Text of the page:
Child maltreatment, including abuse and neglect, occurs all over the world, in different cultures within and across countries. Research has indicated a number of risk factors for maltreatment, but the question how these factors increase the risk for maltreatment still needs to be explored.
Furthermore, maltreatment has devastating consequences for the victims. Individuals who have experienced abuse or neglect in their childhoods are at greater risk for different types of emotional, cognitive, and somatic problems. However, the mechanisms underlying these consequences are not yet fully understood.
In this research cluster we investigate the prevalence, predictors, and consequences of child maltreatment, using a multidisciplinary approach, focusing on neurobiological factors as well as socio-economic and family processes. We study processes that may lead to child maltreatment, such as stress and negative attribution. In addition, we focus on the role of the environment, for example household chaos, in the risk for maltreatment.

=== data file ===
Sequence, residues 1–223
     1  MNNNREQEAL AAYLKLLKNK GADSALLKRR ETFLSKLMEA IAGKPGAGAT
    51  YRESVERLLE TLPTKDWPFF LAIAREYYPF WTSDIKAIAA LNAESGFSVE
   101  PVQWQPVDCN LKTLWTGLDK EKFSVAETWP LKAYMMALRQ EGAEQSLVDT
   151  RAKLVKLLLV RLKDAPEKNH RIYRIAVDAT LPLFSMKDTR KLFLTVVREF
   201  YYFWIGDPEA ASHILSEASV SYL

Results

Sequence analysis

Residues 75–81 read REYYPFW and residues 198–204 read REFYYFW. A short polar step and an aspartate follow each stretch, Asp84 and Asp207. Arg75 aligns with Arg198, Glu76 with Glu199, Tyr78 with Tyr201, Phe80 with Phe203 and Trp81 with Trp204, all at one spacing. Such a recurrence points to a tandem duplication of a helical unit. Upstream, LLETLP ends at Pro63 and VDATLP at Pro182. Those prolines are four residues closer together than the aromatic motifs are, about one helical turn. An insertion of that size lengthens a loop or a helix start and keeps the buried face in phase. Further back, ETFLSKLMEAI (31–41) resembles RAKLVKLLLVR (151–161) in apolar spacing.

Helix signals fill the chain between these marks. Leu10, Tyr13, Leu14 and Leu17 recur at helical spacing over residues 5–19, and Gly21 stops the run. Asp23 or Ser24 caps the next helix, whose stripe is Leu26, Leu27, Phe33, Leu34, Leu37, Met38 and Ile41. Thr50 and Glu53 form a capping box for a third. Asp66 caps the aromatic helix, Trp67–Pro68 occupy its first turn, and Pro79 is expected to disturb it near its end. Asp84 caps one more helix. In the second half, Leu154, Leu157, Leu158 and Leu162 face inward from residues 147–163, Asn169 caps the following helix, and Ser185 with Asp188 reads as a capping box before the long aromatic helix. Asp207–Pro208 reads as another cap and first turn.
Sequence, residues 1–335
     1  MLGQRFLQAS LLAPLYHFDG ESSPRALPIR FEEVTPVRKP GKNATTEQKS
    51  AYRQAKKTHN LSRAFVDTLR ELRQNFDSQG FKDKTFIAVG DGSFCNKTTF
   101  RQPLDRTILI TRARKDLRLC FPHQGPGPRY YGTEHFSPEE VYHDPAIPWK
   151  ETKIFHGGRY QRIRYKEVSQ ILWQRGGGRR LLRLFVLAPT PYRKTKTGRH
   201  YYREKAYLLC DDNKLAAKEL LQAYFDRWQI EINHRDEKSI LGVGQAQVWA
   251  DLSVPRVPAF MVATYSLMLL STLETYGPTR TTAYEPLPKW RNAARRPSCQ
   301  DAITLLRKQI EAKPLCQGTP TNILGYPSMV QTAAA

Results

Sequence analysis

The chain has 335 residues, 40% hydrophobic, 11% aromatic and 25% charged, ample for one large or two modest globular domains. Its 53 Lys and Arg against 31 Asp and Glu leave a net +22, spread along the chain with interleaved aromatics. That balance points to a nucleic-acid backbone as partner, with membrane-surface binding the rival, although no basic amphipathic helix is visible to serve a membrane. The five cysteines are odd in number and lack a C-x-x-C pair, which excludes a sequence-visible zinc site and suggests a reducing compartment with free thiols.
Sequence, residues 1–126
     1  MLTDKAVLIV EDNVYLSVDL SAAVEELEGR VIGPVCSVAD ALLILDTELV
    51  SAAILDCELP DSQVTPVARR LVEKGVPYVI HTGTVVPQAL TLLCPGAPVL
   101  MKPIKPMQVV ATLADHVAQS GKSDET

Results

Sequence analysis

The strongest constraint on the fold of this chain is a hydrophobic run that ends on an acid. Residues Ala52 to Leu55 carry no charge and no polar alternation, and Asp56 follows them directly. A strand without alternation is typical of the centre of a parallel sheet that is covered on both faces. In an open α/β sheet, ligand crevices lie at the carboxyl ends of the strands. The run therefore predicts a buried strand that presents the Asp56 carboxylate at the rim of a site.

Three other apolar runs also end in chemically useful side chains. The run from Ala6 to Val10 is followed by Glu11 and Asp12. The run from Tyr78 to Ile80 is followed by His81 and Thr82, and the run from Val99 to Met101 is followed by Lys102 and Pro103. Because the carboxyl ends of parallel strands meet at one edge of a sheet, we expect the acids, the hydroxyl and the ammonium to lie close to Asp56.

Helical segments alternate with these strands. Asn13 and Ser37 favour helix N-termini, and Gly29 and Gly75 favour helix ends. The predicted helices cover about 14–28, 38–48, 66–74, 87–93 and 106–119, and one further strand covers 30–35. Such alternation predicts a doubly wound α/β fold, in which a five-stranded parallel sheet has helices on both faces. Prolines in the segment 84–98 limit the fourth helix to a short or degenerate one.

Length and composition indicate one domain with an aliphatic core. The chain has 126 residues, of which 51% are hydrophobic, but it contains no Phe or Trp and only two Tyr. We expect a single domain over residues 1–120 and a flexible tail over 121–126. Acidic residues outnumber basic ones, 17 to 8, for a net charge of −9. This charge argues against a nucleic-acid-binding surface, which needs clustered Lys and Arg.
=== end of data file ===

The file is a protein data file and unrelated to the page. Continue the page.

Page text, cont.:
We also investigate the short- and long-term consequences of child maltreatment on brain development and behavior and study the mechanisms of these effects.
One of the most striking consequences is the increased risk for maltreating their own children. Therefore, a central focus of this research cluster is to unravel the process of intergenerational transmission of abuse. We do this in a multigenerational family study in which we focus on individuals who do and ones who do not break the cycle of abuse and neglect.
The knowledge that we gain with the different studies in this research cluster is used to design and test the effectiveness of interventions aimed at reducing the risk of child maltreatment. We also study the effectiveness of intervention-based assessments of parenting skills when children face an out of home placement decision. The ultimate goal of this research cluster is to improve the lives of children living in dysfunctional families of families at risk.